“They’re saying Apple has monopolized this one kind of market — the most lucrative market — and I think that market definition will be very important to the success of the case,” Wu said. 

The main challenge for the government, however, is that we’ll never know for certain what other products might have been developed in the absence of Apple’s alleged anticompetitive practices, Scott Morton said. 

Still, a recent Federal Trade Commission case against Illumina, a producer of gene-sequencing machines, suggests that the government might have a chance, she said. The FTC argued Illumina’s acquisition of the fledgling cancer test developer Grail would discourage innovation and increase prices for consumers. But Illumina said that argument was merely speculative because it’s impossible to predict what cancer tests will be invented in the future. 

The FTC won the case, forcing Illumina to divest in December. The same could happen in Apple’s case.

“When you’re dealing with innovation competition, there is this difficulty of pointing to specifics,” Scott Morton said. “But at the same time, that innovation is hugely valuable to consumers. So they’re very important markets to protect.”

Apple’s most likely defense is that users simply prefer their devices, and that the choices outlined by the DOJ were made in the service of user privacy, Wu said. Indeed, Apple is an industry leader in user privacy protection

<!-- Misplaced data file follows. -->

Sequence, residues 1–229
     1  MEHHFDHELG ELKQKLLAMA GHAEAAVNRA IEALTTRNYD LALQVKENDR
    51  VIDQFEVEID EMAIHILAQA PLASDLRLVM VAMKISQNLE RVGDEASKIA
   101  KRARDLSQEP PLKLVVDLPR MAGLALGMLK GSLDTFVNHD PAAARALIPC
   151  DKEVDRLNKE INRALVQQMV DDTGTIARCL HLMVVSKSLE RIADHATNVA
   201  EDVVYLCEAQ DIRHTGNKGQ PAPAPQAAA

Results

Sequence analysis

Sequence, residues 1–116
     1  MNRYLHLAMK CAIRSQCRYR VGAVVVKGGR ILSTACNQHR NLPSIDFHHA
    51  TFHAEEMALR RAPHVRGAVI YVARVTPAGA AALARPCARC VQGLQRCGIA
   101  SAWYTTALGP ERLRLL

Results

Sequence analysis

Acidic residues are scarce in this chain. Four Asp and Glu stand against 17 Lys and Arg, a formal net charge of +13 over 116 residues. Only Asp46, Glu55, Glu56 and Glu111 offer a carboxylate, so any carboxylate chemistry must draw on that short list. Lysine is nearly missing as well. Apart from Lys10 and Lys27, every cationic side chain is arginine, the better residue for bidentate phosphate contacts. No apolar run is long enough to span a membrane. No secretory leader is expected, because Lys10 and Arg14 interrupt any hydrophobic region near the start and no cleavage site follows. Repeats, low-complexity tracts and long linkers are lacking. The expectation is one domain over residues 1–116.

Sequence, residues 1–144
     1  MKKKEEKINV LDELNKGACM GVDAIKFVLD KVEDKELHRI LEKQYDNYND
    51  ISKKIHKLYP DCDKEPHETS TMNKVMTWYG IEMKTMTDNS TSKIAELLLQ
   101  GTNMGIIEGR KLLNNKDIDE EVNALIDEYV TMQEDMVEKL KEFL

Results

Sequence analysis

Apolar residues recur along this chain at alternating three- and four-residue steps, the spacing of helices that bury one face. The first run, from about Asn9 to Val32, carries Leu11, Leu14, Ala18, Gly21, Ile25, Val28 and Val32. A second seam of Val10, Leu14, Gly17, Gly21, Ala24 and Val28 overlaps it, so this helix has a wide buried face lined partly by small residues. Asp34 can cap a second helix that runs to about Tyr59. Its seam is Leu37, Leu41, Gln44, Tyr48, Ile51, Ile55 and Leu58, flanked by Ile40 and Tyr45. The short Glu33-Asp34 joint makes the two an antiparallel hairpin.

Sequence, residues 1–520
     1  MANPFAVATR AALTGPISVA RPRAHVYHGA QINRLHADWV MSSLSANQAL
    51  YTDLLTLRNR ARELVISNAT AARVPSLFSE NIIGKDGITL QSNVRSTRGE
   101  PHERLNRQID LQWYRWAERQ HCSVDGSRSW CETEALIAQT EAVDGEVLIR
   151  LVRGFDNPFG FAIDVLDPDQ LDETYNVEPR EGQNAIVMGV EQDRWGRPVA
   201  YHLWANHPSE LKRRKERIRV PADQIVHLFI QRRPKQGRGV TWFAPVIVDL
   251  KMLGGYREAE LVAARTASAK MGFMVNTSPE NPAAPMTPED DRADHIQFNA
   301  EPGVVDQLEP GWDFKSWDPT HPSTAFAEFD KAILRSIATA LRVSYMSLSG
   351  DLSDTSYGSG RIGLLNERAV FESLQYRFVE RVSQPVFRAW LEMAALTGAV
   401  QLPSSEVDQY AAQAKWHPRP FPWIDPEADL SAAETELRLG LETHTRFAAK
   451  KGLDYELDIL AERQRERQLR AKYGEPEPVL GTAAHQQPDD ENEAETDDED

But the complaint tries to preempt the notion that privacy can be used as a blanket defense to accusations of anticompetitive behavior, saying that Apple “selectively compromises privacy and security interests when doing so is in Apple’s own financial interest.” For example, text messages sent from iPhones to Androids are unencrypted and could easily be made encrypted.

“There are less anti-competitive ways of achieving privacy much of the time,” Scott Morton said.

Will this lawsuit dethrone Apple as the king of smartphones?

The government hasn’t ruled out structural remedies in its lawsuit, and that could include something as drastic as breaking up Apple’s business or, on the less intense end of the spectrum, other methods of restoring competition in the app distribution market. The lawsuit demands that Apple be prevented from undermining super apps and cloud-streaming apps on the App Store, as well as from using private APIs (tools to communicate with other software) to thwart third-party messaging, smartwatches, and digital wallets.

Wu said he expects that the government won’t settle easily. 

“One thing I think has been totally different about this administration is they’re not willing to take 20 cents on the dollar,” he said, comparing the Biden administration to the Bush and Obama administrations. 

On Thursday, Apple stock was down more than 4 percent. But the company’s core business is a behemoth: the iPhone is the most expensive smartphone on the market, going for as much as $1,599 for the priciest model, and its market share has only grown in recent years, edging out challengers like Samsung and Huawei. 

As Scott Morton said, however, it’s hard to tell in the long run what might happen to Apple — or any new innovators who enter the market — if the company is made to stop some of the practices that have allowed it to claim a fifth of the world’s smartphone sales and counting.